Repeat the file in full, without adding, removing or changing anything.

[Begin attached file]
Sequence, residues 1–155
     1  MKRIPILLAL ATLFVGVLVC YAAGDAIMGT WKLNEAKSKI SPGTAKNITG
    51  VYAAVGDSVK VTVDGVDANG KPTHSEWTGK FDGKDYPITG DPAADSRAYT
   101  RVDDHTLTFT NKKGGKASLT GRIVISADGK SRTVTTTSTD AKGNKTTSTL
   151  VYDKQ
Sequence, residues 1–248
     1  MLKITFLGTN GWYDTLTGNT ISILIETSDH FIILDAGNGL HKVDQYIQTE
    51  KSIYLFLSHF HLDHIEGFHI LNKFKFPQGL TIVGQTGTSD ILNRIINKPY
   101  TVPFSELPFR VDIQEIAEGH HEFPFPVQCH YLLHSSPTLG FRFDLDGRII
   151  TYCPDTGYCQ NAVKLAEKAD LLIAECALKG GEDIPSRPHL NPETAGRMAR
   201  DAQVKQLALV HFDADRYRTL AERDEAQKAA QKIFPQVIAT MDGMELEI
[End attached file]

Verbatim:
Sequence, residues 1–155
     1  MKRIPILLAL ATLFVGVLVC YAAGDAIMGT WKLNEAKSKI SPGTAKNITG
    51  VYAAVGDSVK VTVDGVDANG KPTHSEWTGK FDGKDYPITG DPAADSRAYT
   101  RVDDHTLTFT NKKGGKASLT GRIVISADGK SRTVTTTSTD AKGNKTTSTL
   151  VYDKQ
Sequence, residues 1–248
     1  MLKITFLGTN GWYDTLTGNT ISILIETSDH FIILDAGNGL HKVDQYIQTE
    51  KSIYLFLSHF HLDHIEGFHI LNKFKFPQGL TIVGQTGTSD ILNRIINKPY
   101  TVPFSELPFR VDIQEIAEGH HEFPFPVQCH YLLHSSPTLG FRFDLDGRII
   151  TYCPDTGYCQ NAVKLAEKAD LLIAECALKG GEDIPSRPHL NPETAGRMAR
   201  DAQVKQLALV HFDADRYRTL AERDEAQKAA QKIFPQVIAT MDGMELEI